Thursday, February 26, 2009
Now showing at the Washington Center in Olympia
Published in the Weekly Volcano, Feb. 26, 2009
Pictured: Garden Window, mixed media on paper, and Molly as Olympia, oil and charcoal on canvas
Photos courtesy of the artist
I went to the Washington Center for the Performing Arts to see the Afro-Cuban All Stars last week and was struck with the artwork throughout all three floors of the center. I’d seen a couple of Marilyn Bedford’s paintings recently in group shows at both South Puget Sound Community College and Tacoma Community College, but had never seen this much in one place.
I must say at this point that my companions were not in the least impressed, and I can understand why. Bedford’s paintings and monoprints are not exciting in any easily recognized way. Her subject matter tends toward the pedestrian, there is a kind of crude quality to her drawing that can be off-putting, and her images tend to have almost no hue or value contrast; which means that without giving them the long hard attention they deserve they tend to look rather boring.
Having acknowledged all of that, I really like her work. She’s an accomplished artist who seems to be true to her personal vision.
Due to the crowd there for the concert I limited my art viewing to the mezzanine and upper floors. There seemed to be three distinct series and, since the show is billed as a retrospective, I assume they’re from different periods. There are the dog pictures, some monoprint landscapes and a group of abstract paintings in mixed media on paper.
Her signature images, which I’m guessing are also her most recent, are the dog paintings. Each has a single dog in either a recognizable setting such as a home or isolated in a field of a single color. In the best of these there is a noticeable flattening of space with the dog seemingly pressed into the background. They also feature quirky placement of the dog, typically far to one side and to the bottom, making him appear tiny and lost in space. In some of these, such as one at the stairwell in the lobby, this odd placement does not work well; but when it does work well it works beautifully.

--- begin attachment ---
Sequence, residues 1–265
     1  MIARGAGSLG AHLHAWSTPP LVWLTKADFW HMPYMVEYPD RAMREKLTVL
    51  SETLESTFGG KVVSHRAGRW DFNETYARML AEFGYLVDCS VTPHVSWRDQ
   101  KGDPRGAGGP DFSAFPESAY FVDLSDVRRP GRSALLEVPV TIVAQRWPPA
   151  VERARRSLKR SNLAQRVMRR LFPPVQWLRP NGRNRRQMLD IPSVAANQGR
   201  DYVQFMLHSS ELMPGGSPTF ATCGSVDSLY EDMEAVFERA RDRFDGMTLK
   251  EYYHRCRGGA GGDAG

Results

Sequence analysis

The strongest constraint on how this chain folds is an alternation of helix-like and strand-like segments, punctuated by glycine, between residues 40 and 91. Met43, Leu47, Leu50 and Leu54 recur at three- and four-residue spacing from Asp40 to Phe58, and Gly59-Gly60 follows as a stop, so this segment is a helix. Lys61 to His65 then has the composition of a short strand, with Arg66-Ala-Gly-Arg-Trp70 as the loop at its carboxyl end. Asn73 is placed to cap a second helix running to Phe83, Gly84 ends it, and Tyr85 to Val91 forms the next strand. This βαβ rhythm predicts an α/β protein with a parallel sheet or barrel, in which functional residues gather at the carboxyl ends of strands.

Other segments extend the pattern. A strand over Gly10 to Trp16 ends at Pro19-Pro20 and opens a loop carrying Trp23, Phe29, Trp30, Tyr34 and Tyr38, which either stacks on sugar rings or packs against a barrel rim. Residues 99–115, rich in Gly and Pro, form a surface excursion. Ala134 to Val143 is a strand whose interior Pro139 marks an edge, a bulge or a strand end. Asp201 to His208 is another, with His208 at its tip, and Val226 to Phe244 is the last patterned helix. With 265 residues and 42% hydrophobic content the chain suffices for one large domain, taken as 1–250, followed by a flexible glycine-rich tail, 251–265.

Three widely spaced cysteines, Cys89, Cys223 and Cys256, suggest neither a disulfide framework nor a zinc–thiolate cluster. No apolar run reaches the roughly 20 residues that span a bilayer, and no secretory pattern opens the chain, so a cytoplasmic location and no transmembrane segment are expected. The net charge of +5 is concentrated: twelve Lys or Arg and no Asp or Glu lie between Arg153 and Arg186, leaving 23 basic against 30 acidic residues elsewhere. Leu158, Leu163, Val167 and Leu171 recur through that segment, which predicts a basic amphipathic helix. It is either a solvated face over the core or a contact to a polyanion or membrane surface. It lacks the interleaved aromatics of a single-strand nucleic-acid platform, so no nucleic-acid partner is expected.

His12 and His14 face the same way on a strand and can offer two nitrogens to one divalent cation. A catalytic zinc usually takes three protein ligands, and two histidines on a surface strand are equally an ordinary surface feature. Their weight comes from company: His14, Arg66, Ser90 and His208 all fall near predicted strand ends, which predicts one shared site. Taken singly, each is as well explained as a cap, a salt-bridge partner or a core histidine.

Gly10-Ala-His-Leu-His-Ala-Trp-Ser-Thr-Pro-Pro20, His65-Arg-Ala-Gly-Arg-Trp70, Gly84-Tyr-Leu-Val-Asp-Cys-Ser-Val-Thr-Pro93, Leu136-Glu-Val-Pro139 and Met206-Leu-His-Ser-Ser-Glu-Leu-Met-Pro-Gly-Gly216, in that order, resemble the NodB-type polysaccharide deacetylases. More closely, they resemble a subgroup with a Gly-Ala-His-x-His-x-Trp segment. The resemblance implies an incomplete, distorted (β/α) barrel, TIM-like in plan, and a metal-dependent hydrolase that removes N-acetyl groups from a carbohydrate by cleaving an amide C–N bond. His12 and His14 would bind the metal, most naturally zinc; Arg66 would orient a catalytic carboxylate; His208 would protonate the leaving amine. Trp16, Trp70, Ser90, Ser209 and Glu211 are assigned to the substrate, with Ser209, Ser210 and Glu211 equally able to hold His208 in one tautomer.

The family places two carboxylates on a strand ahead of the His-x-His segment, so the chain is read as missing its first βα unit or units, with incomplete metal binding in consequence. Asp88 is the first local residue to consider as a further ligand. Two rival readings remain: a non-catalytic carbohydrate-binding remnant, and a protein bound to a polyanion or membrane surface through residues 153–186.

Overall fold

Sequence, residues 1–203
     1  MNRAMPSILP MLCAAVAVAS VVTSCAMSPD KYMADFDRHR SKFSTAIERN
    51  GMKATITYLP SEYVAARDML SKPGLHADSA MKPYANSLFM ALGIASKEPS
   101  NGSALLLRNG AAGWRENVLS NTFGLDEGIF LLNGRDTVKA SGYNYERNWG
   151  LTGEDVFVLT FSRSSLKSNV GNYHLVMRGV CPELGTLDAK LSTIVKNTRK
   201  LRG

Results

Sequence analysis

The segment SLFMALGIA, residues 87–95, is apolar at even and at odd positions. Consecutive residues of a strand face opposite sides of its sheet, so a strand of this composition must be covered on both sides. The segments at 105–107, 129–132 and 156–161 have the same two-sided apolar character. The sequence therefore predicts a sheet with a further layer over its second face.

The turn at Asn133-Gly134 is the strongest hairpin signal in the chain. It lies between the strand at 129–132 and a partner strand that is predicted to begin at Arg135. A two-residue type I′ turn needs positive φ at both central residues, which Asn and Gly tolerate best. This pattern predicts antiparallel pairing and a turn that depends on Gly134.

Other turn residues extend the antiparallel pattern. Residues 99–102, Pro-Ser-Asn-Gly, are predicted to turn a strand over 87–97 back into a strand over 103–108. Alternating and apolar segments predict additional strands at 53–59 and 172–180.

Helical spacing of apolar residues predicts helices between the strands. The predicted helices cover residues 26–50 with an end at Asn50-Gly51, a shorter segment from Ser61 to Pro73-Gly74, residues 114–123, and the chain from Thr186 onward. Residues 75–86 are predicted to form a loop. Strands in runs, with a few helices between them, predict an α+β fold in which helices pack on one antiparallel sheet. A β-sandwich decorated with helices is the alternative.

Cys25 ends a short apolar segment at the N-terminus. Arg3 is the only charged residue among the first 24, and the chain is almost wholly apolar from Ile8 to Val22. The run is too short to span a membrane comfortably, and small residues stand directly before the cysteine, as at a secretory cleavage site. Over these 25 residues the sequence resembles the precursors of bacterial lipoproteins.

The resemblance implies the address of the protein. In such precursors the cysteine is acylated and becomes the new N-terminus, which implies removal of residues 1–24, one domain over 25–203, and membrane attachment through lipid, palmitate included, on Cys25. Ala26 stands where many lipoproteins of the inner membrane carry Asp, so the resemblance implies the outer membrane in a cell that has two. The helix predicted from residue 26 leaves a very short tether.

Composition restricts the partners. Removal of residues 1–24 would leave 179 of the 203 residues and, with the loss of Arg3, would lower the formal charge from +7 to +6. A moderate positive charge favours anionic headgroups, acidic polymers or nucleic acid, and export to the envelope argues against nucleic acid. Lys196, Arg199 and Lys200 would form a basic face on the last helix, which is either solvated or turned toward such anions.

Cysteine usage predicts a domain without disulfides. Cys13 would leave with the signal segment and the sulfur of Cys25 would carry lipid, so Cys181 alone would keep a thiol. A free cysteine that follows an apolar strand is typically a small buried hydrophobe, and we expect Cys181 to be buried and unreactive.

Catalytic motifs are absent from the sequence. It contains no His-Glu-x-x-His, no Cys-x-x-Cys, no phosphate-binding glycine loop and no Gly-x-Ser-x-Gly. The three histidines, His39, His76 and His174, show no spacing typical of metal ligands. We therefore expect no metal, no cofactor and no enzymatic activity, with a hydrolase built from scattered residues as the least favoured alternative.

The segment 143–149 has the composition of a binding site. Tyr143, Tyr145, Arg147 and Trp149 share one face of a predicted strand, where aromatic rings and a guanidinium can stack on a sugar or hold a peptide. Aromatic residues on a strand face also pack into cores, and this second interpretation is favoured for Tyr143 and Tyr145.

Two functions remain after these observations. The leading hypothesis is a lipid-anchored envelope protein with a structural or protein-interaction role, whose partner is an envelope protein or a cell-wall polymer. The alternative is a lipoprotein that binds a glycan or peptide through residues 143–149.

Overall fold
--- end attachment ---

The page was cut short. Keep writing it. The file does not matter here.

From my seat in the auditorium while waiting for the concert to begin I kept looking at one painting through the open door to the mezzanine. I was mesmerized by it. It’s an oil painting called "Molly As Olympia" and features a bright pink dog lying down against a dark blue curtain on the extreme left side of the painting with its legs stretched out toward a pot of yellow flowers in front of an acid green curtain on the right. Deep blue-black shadows create the impression that the dog is being stretched and pulled across the space of the canvas — implied dynamic movement in a figure at rest (that, by-the-way, is what made Michelangelo’s sculptures so arresting; not that I’m comparing Bedford to Michelangelo).
Also on the mezzanine is a group of abstract paintings on paper in muted tones of gray, white and black. I particularly like her scruffy brushstrokes in these, the combination of line and wash, and especially her use of transparencies and semi-transparent white over darker areas.
On the upper level there are a number of landscape monoprints in muted tones with practically no contrasts. Very dull looking upon a cursory glance, but amazing in how her brushstrokes create the feel of air and wind and clouds and rain without clearly delineating any of those.
Bedford sums up her work in a statement written for this exhibition: “The immediacy of painting, the fluidity of the material; the physical connection to the surface through the gesture of the brush is compelling to me. Spatial relationships activate the composition and are essential to the simplicity I seek. The importance of line is the connective thread in my work.
“I make art because I enjoy the physicality of it; the drag of the brush across a canvas, the feel, the smell, the getting your hands dirtiness of it all.”
She also makes some interesting statements about her choices of subject matter, but to me that is secondary to the physicality of the work.
Also showing in the Washington Center is a huge installation by Jeremy Zweifel called "Gordian’s Knot." It is a twisted entanglement of wood strips in circular and triangular formations that float in the open area between floors and simply has to be seen from all levels to be appreciated.
[Washington Center, Marilyn Bedford retrospective, through March; Gordian’s Knot, installation by Jeremy Zwiefel, through June, 512 Washington St S.E., Olympia, 360.753.85858]
Note - two additional comments: First, as soon as this review was published and I saw it on www.volcano.com I realized that the photos seem to belie my statement that there was little hue or value contrast. It seems I picked the two images that most clearly contradicted my statement. Second, the title "Molly As Olympia" does not refer to the city but rather to a painting by Edouard Manet. The dog is playing the part of the naked lady in the Manet painting.